Nope, Abortion Is Not Planned Parenthood's "Central Purpose"

The XX Factor
What Women Really Think
May 6 2013 5:18 PM

Nope, Abortion Is Not Planned Parenthood's "Central Purpose"

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Barack Obama addresses the Planned Parenthood national conference in Washington, DC

Photo by NICHOLAS KAMM/AFP/Getty Images

When Obama spoke to Planned Parenthood recently for its national conference, he made the entirely rational decision to describe routine gynecological care as "women's health care." In Politico, Rich Lowry's response was a marvel of mendacity, a piece so thoroughly dishonest that the only accurate fact conveyed is that Obama spoke on a Friday. Lowry accused Obama of avoiding the topic of abortion. What he actually meant was that Obama did not use the word “abortion.” In fact, Obama criticized North Dakota for trying to ban abortions before many women even know they're pregnant, only he used the term “right to choose,” which everyone understands means the right to choose an abortion This was not an unusual or especially political choice. “Pro-choice” has been the standard term pretty much since Roe v. Wade.

But where Lowry was really dishonest is in his attempt to hoodwink his audience into believing that abortion is the sum total of Planned Parenthood's work, characterizing the procedure as the organization’s "central purpose" and claiming that liberals who talk about "women's health" or "reproductive health" are always and forever referring to abortion.

Listening to [Obama], you could be forgiven for thinking that the country is riven by a fierce dispute over whether women should be allowed to choose their own ob-gyns or decide whether to take contraceptives or to get cancer screenings. One side is pro-women’s health, the other anti.

In one way, this is an accurate description of reality. The right is waging a war on women's ability to get basic gynecological services. That's why Republicans tried to shut down the federal government over funding that is earmarked for contraception, STI treatment, and cancer screenings—by federal law, federal money that goes to Planned Parenthood cannot be for abortion. That's why they keep attacking contraception subsidies, on the state level as well as the national level. That's why the single most controversial item in the Affordable Care Act is the provision of contraception coverage for women with insurance. The word "abortion" gets thrown around a lot, but it's clearly just a stalking horse for attacks on contraception and other health care—such as Pap smears and STI testing—associated with women choosing to have sex.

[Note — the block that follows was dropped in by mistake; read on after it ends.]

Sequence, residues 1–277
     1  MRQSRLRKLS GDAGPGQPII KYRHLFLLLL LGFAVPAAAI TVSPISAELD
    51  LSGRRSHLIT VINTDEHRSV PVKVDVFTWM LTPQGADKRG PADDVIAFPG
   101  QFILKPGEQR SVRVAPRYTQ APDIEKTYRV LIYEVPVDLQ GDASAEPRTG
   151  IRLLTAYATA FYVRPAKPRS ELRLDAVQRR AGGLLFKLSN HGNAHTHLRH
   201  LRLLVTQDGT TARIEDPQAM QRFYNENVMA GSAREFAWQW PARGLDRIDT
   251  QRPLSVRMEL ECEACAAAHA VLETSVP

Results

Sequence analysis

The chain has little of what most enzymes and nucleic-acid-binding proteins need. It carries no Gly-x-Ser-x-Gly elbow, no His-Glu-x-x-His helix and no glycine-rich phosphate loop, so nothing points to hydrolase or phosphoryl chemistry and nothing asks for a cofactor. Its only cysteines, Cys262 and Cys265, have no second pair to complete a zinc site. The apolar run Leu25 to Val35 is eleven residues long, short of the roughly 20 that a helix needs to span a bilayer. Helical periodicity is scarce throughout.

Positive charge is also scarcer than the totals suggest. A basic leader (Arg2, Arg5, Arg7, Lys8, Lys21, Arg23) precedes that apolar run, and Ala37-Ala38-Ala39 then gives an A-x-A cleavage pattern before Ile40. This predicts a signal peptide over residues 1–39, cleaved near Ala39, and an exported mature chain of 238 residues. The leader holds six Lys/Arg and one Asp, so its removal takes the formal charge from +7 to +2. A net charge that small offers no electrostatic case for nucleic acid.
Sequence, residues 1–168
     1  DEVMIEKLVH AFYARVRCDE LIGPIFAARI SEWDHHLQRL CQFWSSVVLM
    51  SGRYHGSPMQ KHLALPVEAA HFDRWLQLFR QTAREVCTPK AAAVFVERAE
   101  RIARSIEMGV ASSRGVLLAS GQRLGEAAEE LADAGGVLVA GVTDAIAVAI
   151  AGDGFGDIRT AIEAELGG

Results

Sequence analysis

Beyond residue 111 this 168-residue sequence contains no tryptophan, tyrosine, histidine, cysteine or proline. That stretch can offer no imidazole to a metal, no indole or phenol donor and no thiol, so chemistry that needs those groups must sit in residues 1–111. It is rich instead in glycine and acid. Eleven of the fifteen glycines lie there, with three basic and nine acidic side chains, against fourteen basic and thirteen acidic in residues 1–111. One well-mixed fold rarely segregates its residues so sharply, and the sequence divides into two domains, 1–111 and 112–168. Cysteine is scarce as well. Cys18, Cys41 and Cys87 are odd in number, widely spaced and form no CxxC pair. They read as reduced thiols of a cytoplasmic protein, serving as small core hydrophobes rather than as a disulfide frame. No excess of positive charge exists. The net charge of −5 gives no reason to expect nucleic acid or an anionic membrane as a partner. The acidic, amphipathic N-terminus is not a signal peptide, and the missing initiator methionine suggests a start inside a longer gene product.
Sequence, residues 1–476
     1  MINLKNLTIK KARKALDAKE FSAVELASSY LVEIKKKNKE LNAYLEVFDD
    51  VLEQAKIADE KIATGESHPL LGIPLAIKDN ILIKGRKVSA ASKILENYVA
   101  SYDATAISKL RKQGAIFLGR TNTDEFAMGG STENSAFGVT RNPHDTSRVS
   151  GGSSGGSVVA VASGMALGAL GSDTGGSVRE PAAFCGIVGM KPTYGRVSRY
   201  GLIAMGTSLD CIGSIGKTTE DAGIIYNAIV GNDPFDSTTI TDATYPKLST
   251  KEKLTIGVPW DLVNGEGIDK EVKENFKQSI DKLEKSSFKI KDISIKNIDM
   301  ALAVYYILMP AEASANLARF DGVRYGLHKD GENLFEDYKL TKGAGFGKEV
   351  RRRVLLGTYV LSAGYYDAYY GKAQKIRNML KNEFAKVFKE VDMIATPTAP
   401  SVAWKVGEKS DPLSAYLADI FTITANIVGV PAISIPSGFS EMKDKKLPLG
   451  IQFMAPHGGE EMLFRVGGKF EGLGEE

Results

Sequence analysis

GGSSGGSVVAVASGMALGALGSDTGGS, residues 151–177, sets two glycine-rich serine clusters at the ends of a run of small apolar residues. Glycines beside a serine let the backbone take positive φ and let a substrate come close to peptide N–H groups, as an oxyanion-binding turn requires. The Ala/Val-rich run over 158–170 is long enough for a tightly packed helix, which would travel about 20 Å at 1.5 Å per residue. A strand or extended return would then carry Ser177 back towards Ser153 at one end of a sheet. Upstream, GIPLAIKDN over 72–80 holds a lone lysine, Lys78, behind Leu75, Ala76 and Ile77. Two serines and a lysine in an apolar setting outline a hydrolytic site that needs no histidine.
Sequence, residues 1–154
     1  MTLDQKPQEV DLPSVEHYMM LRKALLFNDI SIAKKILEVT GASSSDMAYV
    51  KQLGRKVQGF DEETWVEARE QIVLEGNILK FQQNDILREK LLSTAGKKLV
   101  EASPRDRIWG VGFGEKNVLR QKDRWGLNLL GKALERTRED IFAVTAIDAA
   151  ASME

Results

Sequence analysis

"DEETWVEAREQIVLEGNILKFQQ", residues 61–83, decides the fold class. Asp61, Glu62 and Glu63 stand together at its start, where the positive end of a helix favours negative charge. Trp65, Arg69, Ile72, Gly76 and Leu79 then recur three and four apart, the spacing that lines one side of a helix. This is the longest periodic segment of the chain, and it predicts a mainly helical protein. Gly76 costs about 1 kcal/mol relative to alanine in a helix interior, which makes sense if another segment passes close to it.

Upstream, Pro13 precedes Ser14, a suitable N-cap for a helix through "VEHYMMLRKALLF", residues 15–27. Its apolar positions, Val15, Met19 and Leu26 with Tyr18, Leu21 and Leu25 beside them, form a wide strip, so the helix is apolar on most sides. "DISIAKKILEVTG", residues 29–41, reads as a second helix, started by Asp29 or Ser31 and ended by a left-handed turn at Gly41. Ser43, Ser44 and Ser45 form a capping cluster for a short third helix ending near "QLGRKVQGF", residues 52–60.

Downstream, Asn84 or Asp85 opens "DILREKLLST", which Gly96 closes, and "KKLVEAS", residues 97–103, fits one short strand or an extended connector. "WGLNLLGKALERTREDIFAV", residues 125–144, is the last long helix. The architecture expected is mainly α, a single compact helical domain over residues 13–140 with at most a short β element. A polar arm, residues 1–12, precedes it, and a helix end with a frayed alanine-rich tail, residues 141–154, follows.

But here is where it is not reality: All together now: 97 percent of Planned Parenthood's services are not abortion. Attacks on Planned Parenthood are, by definition, largely attacks on non-abortion services. Attacks on Planned Parenthood's funding, regardless of claimed intent, are strictly attacks on contraception, STI testing/treatment, and cancer screenings.

Media Matters provides a nice little chart, so that those who struggle to understand that 97 is bigger than three can get a visual reference:

In fact, the group prevents over 200,000 abortions a year, and could do much more if the right quit attacking them for fulfilling their actual mission: dispensing routine gynecological care at a reasonable price. 

Amanda Marcotte is a Brooklyn-based writer and DoubleX contributor. She also writes regularly for the Daily Beast, AlterNet, and USA Today. Follow her on Twitter.

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